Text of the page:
A Coaching Power Tool created by Lizette DuBay
(Health, Wellness and Fitness Coach, UNITED STATES)
The purposes of a man’s heart are deep waters, but a man of understanding draws them out. Proverbs 20:51
When listening to someone’s story, are you more likely to listen for the aspects that impact you or the storyteller? Have you ever attached some great meaning to one aspect of a story you heard or read only to find out from the author’s perspective how different his or her intentions really were?
It is natural for us to try to relate to someone else’s story by finding similarities with our own. It is often in this way individuals find commonality and a basis for conversation and more intimate relationship. This can be very useful when developing a new friendship or interaction.
But as coaches, our first focus must be on what the client is trying to communicate through his or her story. What can we find out about him or her and not ourselves in hearing their weavings? While it is useful to look for some common ground on which to build conversation, caution is to be exercised so as to keep an appropriate boundary.
Already much of our coaching training has involved the art of active listening–of setting aside our own judgments and bias, opinions and previous experience, to identify the deeper meaning of the stories told by our clients. How does it relate to the client and her experience? Not those of the coach. What are her judgments and underlying beliefs? What does this say about her and how much more can be drawn out of these “deep waters”?
When a coach hears the stories of his clients and relates them to himself, the focus immediately becomes the coach. He can no longer listen for the deeper answers for the client, but instead projects his own experiences, opinions and solutions on his clients. He goes from supportive partner to counselor, giving advice, correction and opinion.
Authors Karen Spear and Terry Bacon in their book Adaptive Coaching:The Art and Practice of Client-Centered Approach to Performance Improvement, recognize the distinction between clients who seek more direction or advice-coaching vs. those who prefer a “non-directive” approach. The majority of clients prefer the latter. However coaches, like most people, naturally lean toward a directive approach, especially in their area of expertise or experience. Spears and Bacon quote this statistic:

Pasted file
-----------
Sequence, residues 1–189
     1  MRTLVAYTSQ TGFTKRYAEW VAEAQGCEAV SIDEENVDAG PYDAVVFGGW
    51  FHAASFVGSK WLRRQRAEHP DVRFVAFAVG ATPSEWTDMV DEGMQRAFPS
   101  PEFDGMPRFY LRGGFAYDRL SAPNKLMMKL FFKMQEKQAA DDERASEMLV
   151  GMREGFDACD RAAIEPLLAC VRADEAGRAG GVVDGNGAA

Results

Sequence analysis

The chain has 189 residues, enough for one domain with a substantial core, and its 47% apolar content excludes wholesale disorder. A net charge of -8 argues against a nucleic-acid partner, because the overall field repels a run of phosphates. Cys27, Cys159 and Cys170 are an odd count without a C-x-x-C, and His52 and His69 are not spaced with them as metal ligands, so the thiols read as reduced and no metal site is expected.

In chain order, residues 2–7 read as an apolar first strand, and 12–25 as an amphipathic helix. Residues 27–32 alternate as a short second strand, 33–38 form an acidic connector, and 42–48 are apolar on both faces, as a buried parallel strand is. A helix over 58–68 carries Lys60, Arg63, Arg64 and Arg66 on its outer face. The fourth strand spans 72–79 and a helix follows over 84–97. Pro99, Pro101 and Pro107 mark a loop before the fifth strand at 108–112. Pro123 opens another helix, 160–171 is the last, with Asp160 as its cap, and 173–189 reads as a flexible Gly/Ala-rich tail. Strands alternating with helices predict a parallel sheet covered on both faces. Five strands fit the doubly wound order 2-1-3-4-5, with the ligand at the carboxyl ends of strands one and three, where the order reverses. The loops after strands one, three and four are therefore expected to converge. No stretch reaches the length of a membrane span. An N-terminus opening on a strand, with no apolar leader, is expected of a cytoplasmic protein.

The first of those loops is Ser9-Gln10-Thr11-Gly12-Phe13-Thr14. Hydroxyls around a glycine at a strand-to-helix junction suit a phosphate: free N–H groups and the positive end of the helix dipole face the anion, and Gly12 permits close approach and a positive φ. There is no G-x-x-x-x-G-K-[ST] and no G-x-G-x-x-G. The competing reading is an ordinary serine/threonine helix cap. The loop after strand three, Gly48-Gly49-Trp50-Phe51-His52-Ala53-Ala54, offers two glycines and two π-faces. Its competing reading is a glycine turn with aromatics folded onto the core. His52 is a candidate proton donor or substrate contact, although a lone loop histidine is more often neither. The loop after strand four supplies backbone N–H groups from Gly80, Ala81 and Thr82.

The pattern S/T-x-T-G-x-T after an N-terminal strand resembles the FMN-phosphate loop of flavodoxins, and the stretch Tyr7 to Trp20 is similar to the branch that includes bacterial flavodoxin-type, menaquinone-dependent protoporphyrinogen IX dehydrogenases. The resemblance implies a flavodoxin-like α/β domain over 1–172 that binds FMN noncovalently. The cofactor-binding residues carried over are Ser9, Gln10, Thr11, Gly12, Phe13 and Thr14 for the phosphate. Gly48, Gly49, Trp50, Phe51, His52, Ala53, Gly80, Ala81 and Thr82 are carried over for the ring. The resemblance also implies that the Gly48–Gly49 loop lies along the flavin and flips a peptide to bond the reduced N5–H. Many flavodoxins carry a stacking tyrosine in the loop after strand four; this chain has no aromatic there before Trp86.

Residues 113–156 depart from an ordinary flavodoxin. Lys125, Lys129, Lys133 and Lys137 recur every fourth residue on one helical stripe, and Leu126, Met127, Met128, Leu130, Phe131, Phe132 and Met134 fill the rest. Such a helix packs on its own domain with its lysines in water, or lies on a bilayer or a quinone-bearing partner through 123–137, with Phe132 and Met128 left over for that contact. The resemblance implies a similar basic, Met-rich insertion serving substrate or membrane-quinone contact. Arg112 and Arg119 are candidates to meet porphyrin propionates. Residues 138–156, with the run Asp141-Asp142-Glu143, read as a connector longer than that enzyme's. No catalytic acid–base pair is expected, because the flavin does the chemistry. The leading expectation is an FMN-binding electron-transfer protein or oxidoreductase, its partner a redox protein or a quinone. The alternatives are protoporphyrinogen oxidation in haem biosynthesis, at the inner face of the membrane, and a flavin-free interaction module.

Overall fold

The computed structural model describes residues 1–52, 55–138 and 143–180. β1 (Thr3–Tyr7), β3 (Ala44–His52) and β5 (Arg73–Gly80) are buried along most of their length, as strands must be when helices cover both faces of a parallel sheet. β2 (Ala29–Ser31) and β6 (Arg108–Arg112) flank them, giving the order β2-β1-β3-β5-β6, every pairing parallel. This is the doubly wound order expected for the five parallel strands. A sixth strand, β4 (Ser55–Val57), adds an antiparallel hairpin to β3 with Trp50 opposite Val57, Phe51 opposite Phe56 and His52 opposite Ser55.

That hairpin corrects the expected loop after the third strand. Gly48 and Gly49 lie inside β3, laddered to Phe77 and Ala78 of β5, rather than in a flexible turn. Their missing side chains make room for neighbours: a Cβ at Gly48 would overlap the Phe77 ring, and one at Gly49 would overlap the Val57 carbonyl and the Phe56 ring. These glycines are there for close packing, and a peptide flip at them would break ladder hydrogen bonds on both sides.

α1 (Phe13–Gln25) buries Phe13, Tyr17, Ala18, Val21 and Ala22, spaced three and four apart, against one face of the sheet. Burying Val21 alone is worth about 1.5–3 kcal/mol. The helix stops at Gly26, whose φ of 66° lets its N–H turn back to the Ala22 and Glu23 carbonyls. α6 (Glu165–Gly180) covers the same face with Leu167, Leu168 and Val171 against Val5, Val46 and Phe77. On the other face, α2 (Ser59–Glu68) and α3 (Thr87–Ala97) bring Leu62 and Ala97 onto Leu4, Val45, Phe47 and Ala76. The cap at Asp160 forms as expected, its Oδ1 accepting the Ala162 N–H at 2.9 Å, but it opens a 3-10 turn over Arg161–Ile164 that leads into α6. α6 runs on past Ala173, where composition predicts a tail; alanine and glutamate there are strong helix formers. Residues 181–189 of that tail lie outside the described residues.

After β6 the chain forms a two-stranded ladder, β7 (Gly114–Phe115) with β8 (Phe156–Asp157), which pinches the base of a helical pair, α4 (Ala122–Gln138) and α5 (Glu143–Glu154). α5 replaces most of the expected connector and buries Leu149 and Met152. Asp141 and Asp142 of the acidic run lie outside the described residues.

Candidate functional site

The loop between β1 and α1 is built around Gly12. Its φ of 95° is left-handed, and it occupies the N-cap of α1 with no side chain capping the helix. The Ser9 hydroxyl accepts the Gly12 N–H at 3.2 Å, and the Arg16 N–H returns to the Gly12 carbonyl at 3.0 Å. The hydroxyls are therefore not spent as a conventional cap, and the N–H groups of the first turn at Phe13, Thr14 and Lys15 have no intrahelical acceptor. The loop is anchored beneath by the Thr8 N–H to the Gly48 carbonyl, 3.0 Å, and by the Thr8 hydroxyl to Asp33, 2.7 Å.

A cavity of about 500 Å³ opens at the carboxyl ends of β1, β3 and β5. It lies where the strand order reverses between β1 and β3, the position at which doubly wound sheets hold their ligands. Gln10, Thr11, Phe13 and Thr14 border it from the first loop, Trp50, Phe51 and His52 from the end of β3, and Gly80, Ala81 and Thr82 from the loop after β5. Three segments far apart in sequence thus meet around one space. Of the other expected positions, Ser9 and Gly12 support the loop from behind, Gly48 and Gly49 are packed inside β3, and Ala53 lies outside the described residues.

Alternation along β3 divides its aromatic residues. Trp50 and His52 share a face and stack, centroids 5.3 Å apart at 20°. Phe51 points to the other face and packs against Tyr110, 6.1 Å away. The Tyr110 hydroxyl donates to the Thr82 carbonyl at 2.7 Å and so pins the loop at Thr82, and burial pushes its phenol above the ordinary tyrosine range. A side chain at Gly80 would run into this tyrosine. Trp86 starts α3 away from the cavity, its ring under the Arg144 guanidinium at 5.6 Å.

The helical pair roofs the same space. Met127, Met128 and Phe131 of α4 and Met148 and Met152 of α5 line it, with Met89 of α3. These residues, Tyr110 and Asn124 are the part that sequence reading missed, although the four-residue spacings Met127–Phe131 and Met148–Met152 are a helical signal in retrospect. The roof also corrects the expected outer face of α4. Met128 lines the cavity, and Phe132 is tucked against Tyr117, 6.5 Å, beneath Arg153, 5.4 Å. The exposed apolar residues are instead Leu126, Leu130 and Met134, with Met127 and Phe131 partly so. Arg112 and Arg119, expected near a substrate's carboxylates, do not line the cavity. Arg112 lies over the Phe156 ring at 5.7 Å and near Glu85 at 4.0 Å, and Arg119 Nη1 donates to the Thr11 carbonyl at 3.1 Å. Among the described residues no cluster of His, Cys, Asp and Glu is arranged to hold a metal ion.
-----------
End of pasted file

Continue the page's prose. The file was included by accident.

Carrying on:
Fifty-six percent of clients report that the coaching they receive is often not
focused on the right things and does not help them learn exactly what they
should do differently to be more effective.2
Even for the minority that prefers a directive approach by their coach, there is a nuanced dance between art and science that must be practiced. The coach must be cognitive of the place where their solicited expertise and advice ends and support of the client’s purview begins—discovery and development of the choice of action. Expertise and advice are based on the “what” or the background that allows the client to make an informed choice. After the “what” is presented, the coach must make a conscious decision to take off the advice hat give the client the space to explore the “how,” “why,” “when,” and “where” of his own resolution. It is at this point the coach chooses tools that allow her to enter a supporting role: perhaps active listening, reflecting, releasing judgment, curiosity, powerful questions—instead of digging into a personal toolbox of self-reflection and self-correction. A powerful realization for a coach is she is not there to correct the client but to support the client as she seeks her own resolution.